Review Blog

Jul 13 2015

The lost daughter by Elena Ferrante

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Trans. by Ann Goldstein. Text, 2015, 9781925240139
Recommended for Senior readers. The short novel, almost a novella, The Lost Daughter is a powerful exploration of some of the themes Elena Ferrante explores in her Neapolitan Novels series (to be completed with Volume 4 in October). Set in contemporary Italy it examines identity, motherhood and the nature of knowledge. When Leda's adult daughters leave her to live with their father in Canada she is surprisingly relieved. She pursues the academic career she has persisted with through the years of child raising, dreads their phone calls with the demands they always imposed and goes on holiday alone. While on holiday, relaxing on the beach, she begins to review her life as a mother, a process in part inspired by her observations of a beautiful young woman and her demanding child. While lying on her towel Leda notes the obsessive nature of the relationship, in its physicality and emotional intensity, which is passed on by the child to her doll. The doll is of course compliant and pliable and thus is a more satisfactory child than a real one. Leda begins to take notice of the pair's family, the mother's gross husband, her demanding and flagrantly pregnant sister-in-law and a collection of other relations, all Neapolitan and speaking the Napolese dialect that still marked her own speech. Her mind turns to her escape from Naples when she was 18 and her rejection of that part of her life but which has left its mark on her own accented Italian. A sudden storm on the beach allows her to steal the child's doll, which she hides in her apartment, buys clothes for and gruesomely expels a worm from its body, an act that is comparable to aborting a growth. The doll is again an ideal child, unlike her own daughters, a child that accepts attention but doesn't demand or distract, a child whose sexuality can be controlled. Leda by chance becomes friendly with the child's mother who expresses her admiration for Leda's learning and grace, until she reveals the doll. Screaming in vicious dialect the mother tells Leda that her books and learning mean nothing before shockingly assaulting her. In the end an act of cheerful acceptance, a sign of love, from her daughters restores balance to Leda's life, and the reader is left with the understanding that this love counts for more than the challenges that the children have caused. Ferrante is concerned with the complexity of being a woman, a mother and a daughter, and the power of upbringing, as well as the limited effect of education. She asks how much can learning, reading and knowing literature moderate the effects of the dilemmas of motherhood? This powerful novel is recommended for older readers.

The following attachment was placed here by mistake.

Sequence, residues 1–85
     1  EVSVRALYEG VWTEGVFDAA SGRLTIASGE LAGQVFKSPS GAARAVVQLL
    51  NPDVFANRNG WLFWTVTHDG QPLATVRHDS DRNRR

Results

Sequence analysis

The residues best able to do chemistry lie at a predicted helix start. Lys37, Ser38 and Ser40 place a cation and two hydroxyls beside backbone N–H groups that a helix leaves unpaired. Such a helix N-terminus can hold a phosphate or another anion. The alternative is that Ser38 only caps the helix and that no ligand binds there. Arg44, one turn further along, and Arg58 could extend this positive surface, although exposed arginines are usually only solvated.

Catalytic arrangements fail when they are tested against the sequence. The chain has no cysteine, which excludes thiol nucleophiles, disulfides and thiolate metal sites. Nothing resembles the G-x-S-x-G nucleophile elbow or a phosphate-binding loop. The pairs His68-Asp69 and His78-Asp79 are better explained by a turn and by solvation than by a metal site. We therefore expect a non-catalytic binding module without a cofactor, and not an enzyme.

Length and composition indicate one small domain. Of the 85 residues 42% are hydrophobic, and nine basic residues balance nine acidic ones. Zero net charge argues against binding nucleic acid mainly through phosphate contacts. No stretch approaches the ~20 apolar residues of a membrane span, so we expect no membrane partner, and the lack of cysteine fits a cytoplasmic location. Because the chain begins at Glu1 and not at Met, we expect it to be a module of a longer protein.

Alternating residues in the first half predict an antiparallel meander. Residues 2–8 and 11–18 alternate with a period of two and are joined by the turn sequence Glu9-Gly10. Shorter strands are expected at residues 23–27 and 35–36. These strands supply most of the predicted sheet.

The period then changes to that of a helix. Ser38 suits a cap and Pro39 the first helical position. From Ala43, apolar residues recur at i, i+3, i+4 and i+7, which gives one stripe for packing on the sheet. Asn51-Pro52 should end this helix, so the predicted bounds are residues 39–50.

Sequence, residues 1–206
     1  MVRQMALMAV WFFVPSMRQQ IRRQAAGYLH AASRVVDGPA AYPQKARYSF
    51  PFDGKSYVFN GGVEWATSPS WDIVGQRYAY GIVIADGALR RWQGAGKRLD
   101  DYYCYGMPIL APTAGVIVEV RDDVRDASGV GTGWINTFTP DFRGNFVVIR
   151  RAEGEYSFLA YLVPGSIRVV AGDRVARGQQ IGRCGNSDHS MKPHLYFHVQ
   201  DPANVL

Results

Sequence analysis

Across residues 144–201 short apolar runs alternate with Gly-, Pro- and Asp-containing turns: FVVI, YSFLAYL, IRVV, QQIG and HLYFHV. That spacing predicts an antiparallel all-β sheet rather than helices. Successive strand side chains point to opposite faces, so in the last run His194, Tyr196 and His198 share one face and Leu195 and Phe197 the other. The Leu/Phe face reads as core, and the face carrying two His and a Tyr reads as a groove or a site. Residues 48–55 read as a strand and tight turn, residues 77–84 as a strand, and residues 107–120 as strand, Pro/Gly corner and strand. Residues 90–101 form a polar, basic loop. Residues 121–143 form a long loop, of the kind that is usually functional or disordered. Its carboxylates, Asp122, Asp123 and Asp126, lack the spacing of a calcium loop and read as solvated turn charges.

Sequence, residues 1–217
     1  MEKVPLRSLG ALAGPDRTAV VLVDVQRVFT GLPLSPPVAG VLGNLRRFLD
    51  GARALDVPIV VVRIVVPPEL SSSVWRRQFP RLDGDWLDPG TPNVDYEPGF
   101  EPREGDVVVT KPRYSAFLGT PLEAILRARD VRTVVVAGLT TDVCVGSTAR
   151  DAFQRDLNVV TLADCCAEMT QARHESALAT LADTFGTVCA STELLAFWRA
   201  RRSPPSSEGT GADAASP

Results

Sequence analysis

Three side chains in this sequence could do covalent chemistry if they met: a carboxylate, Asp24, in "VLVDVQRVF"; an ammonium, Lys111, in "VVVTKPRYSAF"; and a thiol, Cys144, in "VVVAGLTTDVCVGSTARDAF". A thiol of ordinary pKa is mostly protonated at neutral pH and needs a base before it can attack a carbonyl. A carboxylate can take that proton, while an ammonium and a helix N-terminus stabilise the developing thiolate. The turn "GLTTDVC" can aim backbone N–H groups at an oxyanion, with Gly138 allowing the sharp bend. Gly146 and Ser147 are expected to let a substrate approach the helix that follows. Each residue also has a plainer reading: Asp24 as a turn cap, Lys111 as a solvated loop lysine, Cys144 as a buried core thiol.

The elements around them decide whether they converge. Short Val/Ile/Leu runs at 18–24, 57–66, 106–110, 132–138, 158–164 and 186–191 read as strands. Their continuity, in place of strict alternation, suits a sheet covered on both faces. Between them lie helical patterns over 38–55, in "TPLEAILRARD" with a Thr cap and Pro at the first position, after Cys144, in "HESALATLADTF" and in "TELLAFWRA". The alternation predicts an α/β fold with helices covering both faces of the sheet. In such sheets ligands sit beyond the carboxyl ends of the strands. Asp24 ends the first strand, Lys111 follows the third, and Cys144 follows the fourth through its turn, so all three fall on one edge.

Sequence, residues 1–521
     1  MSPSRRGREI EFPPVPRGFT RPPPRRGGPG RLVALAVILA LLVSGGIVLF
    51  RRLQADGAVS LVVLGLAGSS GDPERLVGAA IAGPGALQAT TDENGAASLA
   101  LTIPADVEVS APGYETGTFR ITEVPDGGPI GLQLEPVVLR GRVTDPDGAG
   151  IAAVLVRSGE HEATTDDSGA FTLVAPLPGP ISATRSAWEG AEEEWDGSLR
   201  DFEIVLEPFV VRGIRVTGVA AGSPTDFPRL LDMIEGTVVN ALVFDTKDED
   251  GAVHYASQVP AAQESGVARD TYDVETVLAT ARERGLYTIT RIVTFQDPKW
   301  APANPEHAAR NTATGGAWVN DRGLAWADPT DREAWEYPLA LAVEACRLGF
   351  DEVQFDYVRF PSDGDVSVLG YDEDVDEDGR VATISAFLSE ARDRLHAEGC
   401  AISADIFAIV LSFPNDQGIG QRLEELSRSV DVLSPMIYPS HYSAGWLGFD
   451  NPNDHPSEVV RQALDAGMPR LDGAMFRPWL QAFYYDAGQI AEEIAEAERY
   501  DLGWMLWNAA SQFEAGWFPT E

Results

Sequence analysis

Jenny Hamilton

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